Perhaps the most interesting benefit for enterprise and the robotics industry is the relationship change. The situation will no longer be as simple as workers controlling machines. The interactions between employees, robots, and AI will be more akin to a collaboration. They work together taking advantage of one another’s individual abilities for a collective benefit. We’re already seeing a wider adoption of collaborative robots — cobots — to work alongside human workers in retail, museums, and hospitals. This looks set to continue.
One of the most important ways in which enterprises benefit from AI and robotics is improved efficiency. While there is certainly still a human element involved with development and operations, these technologies remove much of the potential for human error. Indeed, AI’s data analytics software in many industries is geared toward continually assessing and improving the efficiency of automated machinery.
This is in many ways a response to the higher expectations and increased demand from consumers and the manufacturing sector itself. Indeed, the continued adoption of automated and AI tools in manufacturing has only spurred demand for better and more efficient tools. While this push for efficiency will be to everyone’s benefit, it certainly puts a significant amount of pressure on software and robotics engineering teams.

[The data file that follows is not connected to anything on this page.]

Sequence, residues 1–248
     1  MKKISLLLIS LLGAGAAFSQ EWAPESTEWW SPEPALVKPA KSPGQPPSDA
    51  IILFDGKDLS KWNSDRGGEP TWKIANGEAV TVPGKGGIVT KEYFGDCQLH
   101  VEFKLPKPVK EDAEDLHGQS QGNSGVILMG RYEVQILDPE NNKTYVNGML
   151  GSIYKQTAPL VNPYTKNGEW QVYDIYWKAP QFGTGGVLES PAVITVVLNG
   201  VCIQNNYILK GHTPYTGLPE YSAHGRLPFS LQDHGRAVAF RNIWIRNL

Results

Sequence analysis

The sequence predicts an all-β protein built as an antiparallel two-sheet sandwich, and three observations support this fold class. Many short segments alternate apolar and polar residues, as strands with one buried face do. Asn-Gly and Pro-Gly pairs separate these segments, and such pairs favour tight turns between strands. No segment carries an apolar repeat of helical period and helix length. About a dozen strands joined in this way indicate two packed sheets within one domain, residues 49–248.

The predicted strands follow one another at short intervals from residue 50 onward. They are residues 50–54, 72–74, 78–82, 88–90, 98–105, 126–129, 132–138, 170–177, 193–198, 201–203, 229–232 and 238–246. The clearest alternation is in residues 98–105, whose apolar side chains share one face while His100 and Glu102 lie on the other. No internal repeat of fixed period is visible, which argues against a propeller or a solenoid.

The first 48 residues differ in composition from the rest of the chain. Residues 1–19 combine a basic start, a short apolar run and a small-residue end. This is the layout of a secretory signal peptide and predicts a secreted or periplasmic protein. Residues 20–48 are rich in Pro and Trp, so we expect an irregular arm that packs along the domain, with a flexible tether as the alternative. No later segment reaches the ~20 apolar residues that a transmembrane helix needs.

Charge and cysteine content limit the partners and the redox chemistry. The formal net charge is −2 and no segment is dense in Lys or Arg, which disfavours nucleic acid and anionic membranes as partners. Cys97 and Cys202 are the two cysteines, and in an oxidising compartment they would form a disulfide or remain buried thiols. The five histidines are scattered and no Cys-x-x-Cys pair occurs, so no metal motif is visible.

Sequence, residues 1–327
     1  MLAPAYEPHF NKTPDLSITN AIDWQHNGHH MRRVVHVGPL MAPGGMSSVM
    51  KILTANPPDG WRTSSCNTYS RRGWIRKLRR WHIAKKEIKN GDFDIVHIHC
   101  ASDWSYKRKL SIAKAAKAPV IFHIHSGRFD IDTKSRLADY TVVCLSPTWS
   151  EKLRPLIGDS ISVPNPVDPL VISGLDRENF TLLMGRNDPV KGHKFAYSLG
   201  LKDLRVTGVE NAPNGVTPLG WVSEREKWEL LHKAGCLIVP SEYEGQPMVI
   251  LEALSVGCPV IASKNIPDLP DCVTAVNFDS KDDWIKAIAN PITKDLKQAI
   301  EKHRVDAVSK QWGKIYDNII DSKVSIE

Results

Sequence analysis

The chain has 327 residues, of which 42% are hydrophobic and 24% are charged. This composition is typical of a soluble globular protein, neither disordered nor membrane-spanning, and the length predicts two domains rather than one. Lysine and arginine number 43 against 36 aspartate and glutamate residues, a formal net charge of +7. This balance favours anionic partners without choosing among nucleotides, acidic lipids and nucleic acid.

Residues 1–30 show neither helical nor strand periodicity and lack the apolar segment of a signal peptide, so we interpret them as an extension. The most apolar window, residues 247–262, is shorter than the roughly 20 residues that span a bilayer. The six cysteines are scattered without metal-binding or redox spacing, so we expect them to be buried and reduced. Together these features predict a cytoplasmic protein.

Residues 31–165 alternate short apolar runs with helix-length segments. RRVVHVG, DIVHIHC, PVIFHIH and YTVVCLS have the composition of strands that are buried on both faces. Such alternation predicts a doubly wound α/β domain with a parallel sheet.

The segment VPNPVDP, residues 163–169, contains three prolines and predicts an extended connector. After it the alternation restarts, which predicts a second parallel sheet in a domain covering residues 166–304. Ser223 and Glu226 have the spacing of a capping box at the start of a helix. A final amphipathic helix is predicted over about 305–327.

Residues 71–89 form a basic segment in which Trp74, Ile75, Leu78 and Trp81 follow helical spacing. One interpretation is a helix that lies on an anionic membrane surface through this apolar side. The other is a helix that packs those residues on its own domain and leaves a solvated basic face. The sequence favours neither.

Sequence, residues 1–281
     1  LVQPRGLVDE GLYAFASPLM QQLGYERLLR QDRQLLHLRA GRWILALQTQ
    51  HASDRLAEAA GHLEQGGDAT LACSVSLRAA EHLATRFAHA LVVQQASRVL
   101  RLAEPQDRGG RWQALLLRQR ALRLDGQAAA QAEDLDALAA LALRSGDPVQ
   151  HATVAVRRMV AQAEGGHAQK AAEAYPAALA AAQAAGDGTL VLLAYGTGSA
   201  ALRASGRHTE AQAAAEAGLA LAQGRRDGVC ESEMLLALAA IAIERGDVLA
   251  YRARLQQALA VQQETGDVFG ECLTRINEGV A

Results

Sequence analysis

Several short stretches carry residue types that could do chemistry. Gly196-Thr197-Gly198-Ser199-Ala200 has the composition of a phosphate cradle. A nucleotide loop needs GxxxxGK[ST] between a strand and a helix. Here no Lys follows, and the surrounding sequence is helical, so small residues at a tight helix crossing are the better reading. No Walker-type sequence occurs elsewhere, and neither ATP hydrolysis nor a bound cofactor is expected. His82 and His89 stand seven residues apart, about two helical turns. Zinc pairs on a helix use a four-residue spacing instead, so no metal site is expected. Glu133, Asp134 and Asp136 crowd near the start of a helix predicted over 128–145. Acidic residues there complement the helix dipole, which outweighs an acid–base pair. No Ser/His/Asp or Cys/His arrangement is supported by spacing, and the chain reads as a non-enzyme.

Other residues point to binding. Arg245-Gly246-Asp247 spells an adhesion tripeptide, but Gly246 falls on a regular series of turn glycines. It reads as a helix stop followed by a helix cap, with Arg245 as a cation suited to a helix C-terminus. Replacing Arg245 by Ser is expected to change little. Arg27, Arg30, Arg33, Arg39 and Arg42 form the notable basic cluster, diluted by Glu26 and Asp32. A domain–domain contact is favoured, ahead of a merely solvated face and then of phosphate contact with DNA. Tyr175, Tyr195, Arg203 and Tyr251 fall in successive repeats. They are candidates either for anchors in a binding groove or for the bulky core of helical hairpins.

At present, the development process tends to use linear methodologies, though many teams are starting to use more agile Scrum frameworks that break the project timeline into shorter sprints. This methodology favors greater team collaboration and often overlaps testing and development. While scrum can be a more efficient approach, this will also need to evolve as AI and robotics technology become more complex and even form part of the development team itself.
While this will be challenging, it also presents another area of benefit for the business. They gain teams that have the ability to keep evolving their methodologies to grow alongside the technology they’re using. They’re more collaborative, more creative, and more likely to spur innovation.
AI and robotics are seeing increasing adoption across most industries. It’s always worthwhile for professionals in these fields to understand where enterprises benefit. This allows them to have a more practical and relevant influence. The potential for AI and robotics developmental feedback loops can prompt leaps in addressing difficult challenges. It also has an impact on the skills of staff and their relationships to machinery. Importantly, there are multiple ways these tools help businesses to evolve toward ever-greater efficiency. In a commercial landscape that demands more from industries, the combination of robots and AI is a key to meeting a variety of needs.